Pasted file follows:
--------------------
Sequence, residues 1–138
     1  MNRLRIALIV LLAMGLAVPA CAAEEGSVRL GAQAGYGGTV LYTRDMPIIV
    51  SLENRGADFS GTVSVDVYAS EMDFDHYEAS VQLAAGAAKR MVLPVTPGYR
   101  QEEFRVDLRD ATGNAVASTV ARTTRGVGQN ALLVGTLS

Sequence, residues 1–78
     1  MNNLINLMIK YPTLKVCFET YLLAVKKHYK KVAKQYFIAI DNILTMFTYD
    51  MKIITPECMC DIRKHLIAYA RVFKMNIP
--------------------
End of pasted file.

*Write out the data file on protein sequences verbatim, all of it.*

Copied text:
Sequence, residues 1–138
     1  MNRLRIALIV LLAMGLAVPA CAAEEGSVRL GAQAGYGGTV LYTRDMPIIV
    51  SLENRGADFS GTVSVDVYAS EMDFDHYEAS VQLAAGAAKR MVLPVTPGYR
   101  QEEFRVDLRD ATGNAVASTV ARTTRGVGQN ALLVGTLS

Sequence, residues 1–78
     1  MNNLINLMIK YPTLKVCFET YLLAVKKHYK KVAKQYFIAI DNILTMFTYD
    51  MKIITPECMC DIRKHLIAYA RVFKMNIP